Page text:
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One of the canonical examples used by Barr & Wells in order to motivate the use of topoi is that we can construct a theory for fuzzy logic and fuzzy set theory as set-valued sheaves on a poset (Heyting algebra) of confidence values for the fuzziness. Doing this constructs a fuzzy theory where both the membership and equality relations have more truth values than just true and false.

How would one construct a ternary approach using this mindset? In other words, is there an easy way to see a sheaf on a poset with three values as a fuzzy set theory for the truth values (true, maybe, false)? Or is this formulation even the wrong approach? Do I want a different Heyting algebra, so that the subobject classifier ends up having three elements?

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First I must warn you that there is a difference between fuzzy logics and topos theory. There are some categories of fuzzy sets which are almost toposes, but not quite - they form a quasitopos, which is like a topos, but epi + mono need not imply iso. There is a construction of such a quasitopos in Johnstone's Sketches of an Elephant - Vol 1 A2.6.4(e).

Now for the three valued logic I think a good example is a time-like logic. Suppose you have a fixed point T in time. This gives you two regions of time - before T and after T. Our logic will have three truth values - always true, true after T but not before, and never true. Note that we don't have a case "true before T, but not after", since once something is true, it is always true from that time on. Like knowledge of mathematical theorems (assuming there are no mistakes!).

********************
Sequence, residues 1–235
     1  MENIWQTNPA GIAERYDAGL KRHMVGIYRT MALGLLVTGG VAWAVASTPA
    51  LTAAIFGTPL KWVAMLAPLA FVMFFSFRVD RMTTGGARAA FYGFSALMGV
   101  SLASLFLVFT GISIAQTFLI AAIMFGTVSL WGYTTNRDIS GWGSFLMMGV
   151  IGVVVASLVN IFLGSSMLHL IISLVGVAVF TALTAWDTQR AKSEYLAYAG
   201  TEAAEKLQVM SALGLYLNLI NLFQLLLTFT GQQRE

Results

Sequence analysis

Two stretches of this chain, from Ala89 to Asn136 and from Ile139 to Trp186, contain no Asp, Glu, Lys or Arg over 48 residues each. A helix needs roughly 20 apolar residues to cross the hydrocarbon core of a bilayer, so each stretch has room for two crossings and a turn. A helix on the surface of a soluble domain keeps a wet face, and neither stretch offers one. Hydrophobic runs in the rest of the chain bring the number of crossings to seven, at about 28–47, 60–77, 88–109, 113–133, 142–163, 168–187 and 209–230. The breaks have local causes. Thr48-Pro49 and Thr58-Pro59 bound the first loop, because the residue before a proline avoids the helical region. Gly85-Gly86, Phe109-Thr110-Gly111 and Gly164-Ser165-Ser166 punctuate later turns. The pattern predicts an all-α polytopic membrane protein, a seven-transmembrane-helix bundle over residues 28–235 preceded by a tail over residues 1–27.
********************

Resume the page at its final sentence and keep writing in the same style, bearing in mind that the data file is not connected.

The topos with this logic is the arrow category of set: Set$^\to$. Objects consist of Set functions $A \to B$, and morphism consist of pairs of set functions forming a commutative square.

For other three valued logics look at different Heyting algebras, but pay close attention to the implication operation, as it is a vital part of topos logic. For the true, false, maybe case I am not sure on how to construct a Heyting algebra which reflects this logic.

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Can we phrase this example of yours as sheaves over a Heyting algebra? Is it the 'obvious' two-point total order, extended by a bottom element, or something like that? –  Mikael Vejdemo-Johansson Dec 9 '09 at 1:08
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The Heyting algebra for the example given consists of elements $0 < * < 1$, with obvious meet and join, and implication is mostly 1, except $1 \Rightarrow * = *$, $1 \Rightarrow 0 = 0$ and $* \Rightarrow 0 = 0$. This example can also be considered as sheaves over the topological space {0,1}, where {1} is open, but {0} is not - the Sierpinski space. Note that the partial order of open subsets agrees with the Heyting algebra above. –  J Williams Dec 9 '09 at 5:56

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